With nearly 350,000 residents, and ranked in the top ten most populous US cities for biking and walking levels by the 2014 Benchmarking Report, New Orleans can seem like a wild place to consider bicycling. New Orleans has been ranked as a Bronze Bicycle Friendly Community since 2011 by The League of American Bicyclists, and seventh in the nation for per capita spending on bicycle and pedestrian programs. This historical city continues to demonstrate a design well suited for short trips and bicycling.
Bicycling through New Orleans can be a fulfilling trip for the whole family. Remember these tips on French Quarter bike safety:
- Always wear a helmet. While only children under the age of 12 are required to wear a helmet, it is the single most effective safety device available to reduce head injury and death from bicycle crashes.
- Ride on the right side of the road, with traffic, not against it. Stay as far to the right as possible. Use appropriate hand signals and respect traffic signals, stopping at all stop signs and stoplights.
- Make eye contact with drivers. Bikers should make sure drivers are paying attention and are going to stop before they cross the street.
- When riding at dusk, dawn or in the evening, be bright and use lights – and make sure your bike has reflectors. All cyclists traveling after dark are required to have white reflectors on the front of the bike and red on the back to indicate their direction of travel to others on the roadway. For extra visibility and safety on the road, wear clothes and accessories that have retro-reflective materials.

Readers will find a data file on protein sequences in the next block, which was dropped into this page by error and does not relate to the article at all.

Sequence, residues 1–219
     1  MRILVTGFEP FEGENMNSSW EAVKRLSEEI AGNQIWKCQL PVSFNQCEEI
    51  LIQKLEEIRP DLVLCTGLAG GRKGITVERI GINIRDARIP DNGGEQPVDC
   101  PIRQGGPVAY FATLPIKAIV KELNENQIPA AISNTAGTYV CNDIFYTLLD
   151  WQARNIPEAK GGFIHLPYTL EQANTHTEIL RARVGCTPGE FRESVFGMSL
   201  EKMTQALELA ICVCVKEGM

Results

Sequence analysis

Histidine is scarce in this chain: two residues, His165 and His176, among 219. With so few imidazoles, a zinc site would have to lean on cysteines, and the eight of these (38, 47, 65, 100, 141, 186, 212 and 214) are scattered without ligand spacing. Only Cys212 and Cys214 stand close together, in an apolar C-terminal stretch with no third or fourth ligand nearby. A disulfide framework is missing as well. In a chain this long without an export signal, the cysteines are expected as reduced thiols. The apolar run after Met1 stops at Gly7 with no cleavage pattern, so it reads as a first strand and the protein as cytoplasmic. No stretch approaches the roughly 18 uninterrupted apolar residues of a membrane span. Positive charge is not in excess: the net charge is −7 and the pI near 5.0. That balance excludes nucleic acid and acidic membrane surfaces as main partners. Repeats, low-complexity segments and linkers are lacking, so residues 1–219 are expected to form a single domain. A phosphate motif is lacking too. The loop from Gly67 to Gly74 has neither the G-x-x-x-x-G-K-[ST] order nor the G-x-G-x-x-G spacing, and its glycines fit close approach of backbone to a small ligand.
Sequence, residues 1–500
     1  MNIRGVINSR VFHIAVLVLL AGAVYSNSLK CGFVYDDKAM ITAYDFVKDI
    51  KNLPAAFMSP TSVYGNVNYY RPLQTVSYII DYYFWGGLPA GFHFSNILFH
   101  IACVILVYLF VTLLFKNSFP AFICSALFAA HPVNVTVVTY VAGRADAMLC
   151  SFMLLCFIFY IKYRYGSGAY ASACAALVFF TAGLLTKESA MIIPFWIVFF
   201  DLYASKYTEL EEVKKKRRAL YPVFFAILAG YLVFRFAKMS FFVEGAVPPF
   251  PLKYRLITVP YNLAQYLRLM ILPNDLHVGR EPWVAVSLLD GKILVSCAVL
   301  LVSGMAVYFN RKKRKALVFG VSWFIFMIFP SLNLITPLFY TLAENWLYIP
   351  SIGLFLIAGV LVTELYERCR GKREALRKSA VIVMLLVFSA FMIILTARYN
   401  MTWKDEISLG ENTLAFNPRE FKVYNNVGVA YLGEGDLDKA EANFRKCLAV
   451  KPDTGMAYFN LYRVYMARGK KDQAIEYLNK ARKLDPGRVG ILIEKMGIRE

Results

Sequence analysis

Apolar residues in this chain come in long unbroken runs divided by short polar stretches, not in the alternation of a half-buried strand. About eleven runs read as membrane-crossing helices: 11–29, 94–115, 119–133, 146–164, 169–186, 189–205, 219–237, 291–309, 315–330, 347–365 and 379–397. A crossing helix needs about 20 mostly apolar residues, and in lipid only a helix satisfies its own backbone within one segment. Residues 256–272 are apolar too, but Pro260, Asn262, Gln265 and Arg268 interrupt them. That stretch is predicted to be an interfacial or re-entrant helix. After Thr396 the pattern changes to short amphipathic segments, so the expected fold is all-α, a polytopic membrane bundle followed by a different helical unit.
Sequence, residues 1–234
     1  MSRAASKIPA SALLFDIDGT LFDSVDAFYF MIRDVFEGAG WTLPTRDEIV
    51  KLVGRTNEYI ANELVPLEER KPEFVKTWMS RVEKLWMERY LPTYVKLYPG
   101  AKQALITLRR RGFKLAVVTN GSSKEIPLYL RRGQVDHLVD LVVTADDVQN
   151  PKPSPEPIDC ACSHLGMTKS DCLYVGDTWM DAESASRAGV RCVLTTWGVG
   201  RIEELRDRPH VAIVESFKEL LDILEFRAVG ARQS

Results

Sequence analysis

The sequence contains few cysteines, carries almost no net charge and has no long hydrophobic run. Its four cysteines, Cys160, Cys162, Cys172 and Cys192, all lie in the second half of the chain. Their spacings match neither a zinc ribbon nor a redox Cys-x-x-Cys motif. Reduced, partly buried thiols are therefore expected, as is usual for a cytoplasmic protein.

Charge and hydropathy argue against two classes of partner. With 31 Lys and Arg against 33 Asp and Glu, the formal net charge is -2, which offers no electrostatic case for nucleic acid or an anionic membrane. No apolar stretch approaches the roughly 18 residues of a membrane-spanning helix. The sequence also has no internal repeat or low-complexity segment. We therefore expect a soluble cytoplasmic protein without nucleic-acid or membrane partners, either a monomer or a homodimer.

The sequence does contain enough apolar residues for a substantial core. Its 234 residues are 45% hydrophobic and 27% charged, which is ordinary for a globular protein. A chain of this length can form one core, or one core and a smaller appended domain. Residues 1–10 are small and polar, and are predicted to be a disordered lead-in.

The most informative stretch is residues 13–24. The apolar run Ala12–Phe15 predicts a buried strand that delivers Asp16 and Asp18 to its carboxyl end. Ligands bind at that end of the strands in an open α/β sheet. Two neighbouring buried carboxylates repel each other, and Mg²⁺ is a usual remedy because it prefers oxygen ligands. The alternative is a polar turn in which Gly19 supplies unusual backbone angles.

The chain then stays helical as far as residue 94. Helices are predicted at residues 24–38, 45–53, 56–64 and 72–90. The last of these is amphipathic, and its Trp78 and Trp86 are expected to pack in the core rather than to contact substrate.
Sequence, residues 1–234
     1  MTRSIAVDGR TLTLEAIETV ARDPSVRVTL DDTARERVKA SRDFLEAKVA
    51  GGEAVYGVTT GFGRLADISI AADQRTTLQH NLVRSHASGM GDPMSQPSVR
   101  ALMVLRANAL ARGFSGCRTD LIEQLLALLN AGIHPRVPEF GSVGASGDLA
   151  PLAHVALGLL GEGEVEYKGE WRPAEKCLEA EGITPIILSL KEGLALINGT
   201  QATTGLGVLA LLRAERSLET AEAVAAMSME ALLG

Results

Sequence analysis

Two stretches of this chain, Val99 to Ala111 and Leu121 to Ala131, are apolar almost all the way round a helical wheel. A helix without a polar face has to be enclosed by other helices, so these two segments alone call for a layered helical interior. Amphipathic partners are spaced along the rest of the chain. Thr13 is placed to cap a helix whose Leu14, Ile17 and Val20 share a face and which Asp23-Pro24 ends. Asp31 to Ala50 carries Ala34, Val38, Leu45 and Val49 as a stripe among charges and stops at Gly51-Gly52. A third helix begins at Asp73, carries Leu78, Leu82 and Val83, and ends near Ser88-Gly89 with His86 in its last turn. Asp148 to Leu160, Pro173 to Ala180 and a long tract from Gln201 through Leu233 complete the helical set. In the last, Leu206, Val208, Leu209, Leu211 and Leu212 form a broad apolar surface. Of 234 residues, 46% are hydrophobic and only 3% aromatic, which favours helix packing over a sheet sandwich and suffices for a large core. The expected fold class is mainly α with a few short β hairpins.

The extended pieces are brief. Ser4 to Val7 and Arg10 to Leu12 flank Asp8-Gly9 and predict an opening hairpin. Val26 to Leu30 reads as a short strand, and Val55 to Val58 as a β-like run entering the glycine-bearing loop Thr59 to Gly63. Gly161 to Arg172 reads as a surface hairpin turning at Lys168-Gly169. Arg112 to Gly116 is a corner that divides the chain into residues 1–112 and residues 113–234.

- Ride on the street and keep 3 feet between you and the nearest car. Although children under the age of 15 are permitted to ride on the sidewalks, pedestrians rule the crowded sidewalks of New Orleans. For this reason, the district has developed a great number of bike lanes and paths.
- Practice the “Copenhagen Left” or the “Box Left.” This maneuver is safer than taking a left with motorist traffic. To accomplish the left turn, ride through an intersection on the right, stop and turn your bike to the left, and then proceed through the next intersection.
New Orleans also hosts numerous biking tours, special bike paths, such as the upcoming Lafitte Greenway, the Annual World Naked Bike Tour in New Orleans to raise awareness for bike safety, and The New Orleans Bike Bash: a 3-day collection of bicycle related events ranging from rides, to bike polo, to bike-in-movies, designed to provide a wide variety of fun bicycle themed activities. And if you’re still on the fence about bicycling in New Orleans, sit back as a passenger aboard a New Orleans Bike Taxi.
Biking is a healthy and generally safe activity, but accidents can still happen. If you or a loved one was involved in a bicycle accident in New Orleans, please contact Smiley Law to learn about injury aid and compensation.